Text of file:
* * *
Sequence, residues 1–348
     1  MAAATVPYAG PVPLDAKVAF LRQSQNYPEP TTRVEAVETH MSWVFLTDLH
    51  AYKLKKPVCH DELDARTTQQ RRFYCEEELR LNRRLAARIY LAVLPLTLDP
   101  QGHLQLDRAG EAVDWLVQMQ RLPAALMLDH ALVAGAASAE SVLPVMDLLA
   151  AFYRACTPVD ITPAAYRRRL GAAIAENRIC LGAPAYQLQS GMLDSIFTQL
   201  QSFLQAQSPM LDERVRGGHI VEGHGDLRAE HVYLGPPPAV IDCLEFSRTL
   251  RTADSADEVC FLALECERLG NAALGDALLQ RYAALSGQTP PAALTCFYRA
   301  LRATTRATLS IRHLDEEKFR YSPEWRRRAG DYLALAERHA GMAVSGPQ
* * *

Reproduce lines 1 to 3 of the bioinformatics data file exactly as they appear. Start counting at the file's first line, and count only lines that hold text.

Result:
Sequence, residues 1–348
     1  MAAATVPYAG PVPLDAKVAF LRQSQNYPEP TTRVEAVETH MSWVFLTDLH
    51  AYKLKKPVCH DELDARTTQQ RRFYCEEELR LNRRLAARIY LAVLPLTLDP